Court rules against sanitation strike

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DAILY NEWS

Water sprays from a pipe outside the eThekwini Municipalitys water and sanitation depot in Halifax Road, Pinetown. A businessman from a neighbouring business said the pipe was broken by striking municipal workers. Photo: Sandile Makhoba

Durban - The eThekwini Municipality was granted an interim order on Thursday stopping workers from continuing an illegal strike at the city’s water and sanitation unit in Pinetown.

They were also prevented from disrupting a disciplinary hearing on Friday of four employees from the unit at their head office in Durban.

A group of employees have been on an illegal strike since Monday and have damaged municipal vehicles and property and blockaded the entrance to the Pinetown depot.

They have also prevented non-striking employees from working, bringing the depot to a standstill.

The municipality, represented by advocate Vishalin Naidoo, argued in court papers before Durban Labour Court Judge David Gush that the water and sanitation unit was an essential service, so it was illegal for workers to strike.

Speaking outside court, Independent Municipal and Allied Trade Union and the SA Municipal Workers Union (Samwu) legal representatives said the strike was not sanctioned by the unions. They are expected to file court papers before next month.

Aaron Mfunda, the deputy head of the city’s water and sanitation unit, said the strikers were from the unit’s customer services department in Scott Road, Pinetown.

In court papers, he said this was the fourth unlawful work stoppage in the past two months and the 35 striking workers had failed to follow grievance procedure about their complaints which they said led to the illegal strike.

They ignored an ultimatum to return to work, issued by the head of water and sanitation, Neil Macleod.

Workers complained last month that:

* Vacant posts were not being filled.

* Grading of posts was taking too long.

* Staff qualifications need to be investigated.

* African employees were not being treated fairly in the filling of vacant posts.

They also called for the senior manager at the Pinetown depot, Stalyn Joseph, to be removed.

Mfunda said four employees were suspended last month when the 35 workers marched to the city’s administrative buildings in Pinetown and broke two sets of doors leading to Joseph’s office.

Their disciplinary hearing is scheduled for on Friday at the unit’s head office in Prior Road, Durban.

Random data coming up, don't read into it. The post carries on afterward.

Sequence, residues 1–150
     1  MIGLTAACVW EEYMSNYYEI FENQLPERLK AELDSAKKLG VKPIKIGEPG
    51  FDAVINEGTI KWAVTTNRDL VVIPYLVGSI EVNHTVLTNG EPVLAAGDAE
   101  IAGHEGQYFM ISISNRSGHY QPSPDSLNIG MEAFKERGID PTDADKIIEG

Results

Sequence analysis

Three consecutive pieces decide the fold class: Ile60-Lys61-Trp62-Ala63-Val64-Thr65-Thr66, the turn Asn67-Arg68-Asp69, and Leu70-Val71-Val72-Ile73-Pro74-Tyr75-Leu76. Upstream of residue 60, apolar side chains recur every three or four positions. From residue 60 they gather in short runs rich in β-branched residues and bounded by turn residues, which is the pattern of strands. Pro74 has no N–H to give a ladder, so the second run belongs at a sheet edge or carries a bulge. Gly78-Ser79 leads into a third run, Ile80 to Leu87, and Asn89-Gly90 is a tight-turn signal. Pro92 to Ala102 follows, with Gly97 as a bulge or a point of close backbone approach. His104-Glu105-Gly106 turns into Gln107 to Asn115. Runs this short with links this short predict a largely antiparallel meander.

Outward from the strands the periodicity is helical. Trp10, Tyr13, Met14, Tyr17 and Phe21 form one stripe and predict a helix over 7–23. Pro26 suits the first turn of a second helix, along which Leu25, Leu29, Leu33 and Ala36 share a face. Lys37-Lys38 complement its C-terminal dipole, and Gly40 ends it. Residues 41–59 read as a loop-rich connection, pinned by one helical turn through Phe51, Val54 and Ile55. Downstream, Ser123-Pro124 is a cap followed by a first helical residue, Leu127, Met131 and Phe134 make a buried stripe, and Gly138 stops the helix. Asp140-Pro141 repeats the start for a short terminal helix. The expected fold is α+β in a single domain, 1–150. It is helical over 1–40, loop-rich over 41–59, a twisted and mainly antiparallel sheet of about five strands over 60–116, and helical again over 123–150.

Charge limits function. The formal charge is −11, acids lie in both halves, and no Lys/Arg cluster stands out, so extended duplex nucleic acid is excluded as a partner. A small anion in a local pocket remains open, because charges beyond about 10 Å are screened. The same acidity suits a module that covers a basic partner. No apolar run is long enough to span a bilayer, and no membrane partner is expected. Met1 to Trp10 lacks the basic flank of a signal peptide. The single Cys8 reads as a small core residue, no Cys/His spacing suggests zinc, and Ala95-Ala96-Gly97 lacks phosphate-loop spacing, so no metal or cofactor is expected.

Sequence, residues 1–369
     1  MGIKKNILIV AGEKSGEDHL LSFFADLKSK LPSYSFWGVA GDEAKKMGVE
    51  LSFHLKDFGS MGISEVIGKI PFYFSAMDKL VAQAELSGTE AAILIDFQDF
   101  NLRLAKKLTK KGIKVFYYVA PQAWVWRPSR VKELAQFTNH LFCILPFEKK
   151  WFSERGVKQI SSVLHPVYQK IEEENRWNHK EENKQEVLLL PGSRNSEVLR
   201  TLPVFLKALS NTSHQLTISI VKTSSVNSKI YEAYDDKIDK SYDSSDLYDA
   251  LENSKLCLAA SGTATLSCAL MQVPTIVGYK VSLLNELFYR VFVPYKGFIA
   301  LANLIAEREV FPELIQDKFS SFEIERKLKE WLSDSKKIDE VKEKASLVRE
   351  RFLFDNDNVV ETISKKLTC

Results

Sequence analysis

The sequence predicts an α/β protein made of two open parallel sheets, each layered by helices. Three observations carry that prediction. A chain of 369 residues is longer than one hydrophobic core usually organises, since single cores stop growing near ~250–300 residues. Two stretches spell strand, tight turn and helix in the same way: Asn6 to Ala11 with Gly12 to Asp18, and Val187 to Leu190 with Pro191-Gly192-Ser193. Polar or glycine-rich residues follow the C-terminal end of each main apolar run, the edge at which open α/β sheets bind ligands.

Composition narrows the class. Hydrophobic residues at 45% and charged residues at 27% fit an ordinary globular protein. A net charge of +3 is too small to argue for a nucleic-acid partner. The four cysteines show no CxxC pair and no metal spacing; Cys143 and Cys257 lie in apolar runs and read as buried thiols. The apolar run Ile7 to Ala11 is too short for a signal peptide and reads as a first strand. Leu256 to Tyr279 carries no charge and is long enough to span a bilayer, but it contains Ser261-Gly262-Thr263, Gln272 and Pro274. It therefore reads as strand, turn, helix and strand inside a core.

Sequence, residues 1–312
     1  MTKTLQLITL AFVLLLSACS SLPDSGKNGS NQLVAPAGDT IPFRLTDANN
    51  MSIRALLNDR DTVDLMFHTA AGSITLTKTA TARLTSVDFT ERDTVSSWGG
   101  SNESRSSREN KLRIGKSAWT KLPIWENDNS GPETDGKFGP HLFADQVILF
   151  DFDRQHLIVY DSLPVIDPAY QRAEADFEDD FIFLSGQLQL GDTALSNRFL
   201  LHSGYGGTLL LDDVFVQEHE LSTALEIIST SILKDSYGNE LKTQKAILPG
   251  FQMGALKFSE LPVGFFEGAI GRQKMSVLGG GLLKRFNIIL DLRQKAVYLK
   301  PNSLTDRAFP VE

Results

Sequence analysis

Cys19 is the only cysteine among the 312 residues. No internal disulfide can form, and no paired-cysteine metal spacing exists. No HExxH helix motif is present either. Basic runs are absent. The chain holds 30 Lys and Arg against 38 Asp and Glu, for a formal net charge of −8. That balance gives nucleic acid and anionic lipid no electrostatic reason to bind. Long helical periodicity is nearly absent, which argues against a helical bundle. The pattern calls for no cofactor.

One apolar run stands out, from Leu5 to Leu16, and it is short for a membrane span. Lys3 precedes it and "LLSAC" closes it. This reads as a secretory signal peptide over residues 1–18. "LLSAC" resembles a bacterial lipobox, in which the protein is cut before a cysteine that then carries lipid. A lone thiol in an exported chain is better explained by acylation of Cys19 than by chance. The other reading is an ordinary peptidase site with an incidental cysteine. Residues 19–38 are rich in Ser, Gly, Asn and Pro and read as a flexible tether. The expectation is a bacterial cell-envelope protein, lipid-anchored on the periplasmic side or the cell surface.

Mfunda said he expected the workers to disrupt the disciplinary proceedings as this had happened previously.

The four have been suspended with full pay and benefits, pending finalisation of their disciplinary hearing.

He said workers gathered at the Halifax Road depot in Pinetown on Thursday, preventing vehicles from entering and leaving.

“The situation at the depot, is tense,” read Mfunda’s affidavit. “I have attempted to address the employees via the shop stewards, but that attempt was met with no success.”

A pipe near the gate of the depot was spraying water into the air on Thursday.

A businessman from a neighbouring property, who asked not to be named, said he witnessed municipal workers destroying the pipe during a protest on Wednesday.

“We, the ratepayers, will be held responsible for having to pay for the waste they have caused,” the businessman said.

The municipality could not confirm the damage on Thursday.

Mfunda referred to striking workers stoning municipal vehicles, slashing tyres and blocking entrances to the Pinetown depot and said the police were of little help. He said only basic administrative functions were being performed.

Among the strikers, he said, were meter readers and handymen who restricted water supplies to ratepayers who were not paying their water bills.

Mfunda said the technical services department, which liaised with the community and addressed daily water problems, was also based at the Pinetown depot.

“Without the proper functioning of this department, the community has no outlet to express their concerns and have their water problems addressed by us.”

The wastewater services department was also affected because it shares the depot.

“The unlawful strike has and will have devastating ramifications and has an immediate and obvious effect on the (city’s) ability to deliver services to residents,” read Mfunda’s affidavit.

Judge Gush ordered the police to help the municipality enforce compliance with the interim order at the Durban and Pinetown depots.

Samwu provincial spokesman Nhlanhla Nyandeni said on Thursday that the municipality’s failure to reinstate the four suspended employees had caused workers to down tools.

He said the four workers were accused of being “instigators” of an illegal protest following a meeting between workers and the municipality.

“We are meeting the city (on Friday) to try to end this.”

A worker, who did not want to be named, said they were irritated when told to acquire qualifications for work they had been doing for years.

“That’s what led to this. We have 10 year’s experience. Now they want us to get qualifications.”

noelene.barbeau@inl.co.za and tankiso.makhetha@inl.co.za

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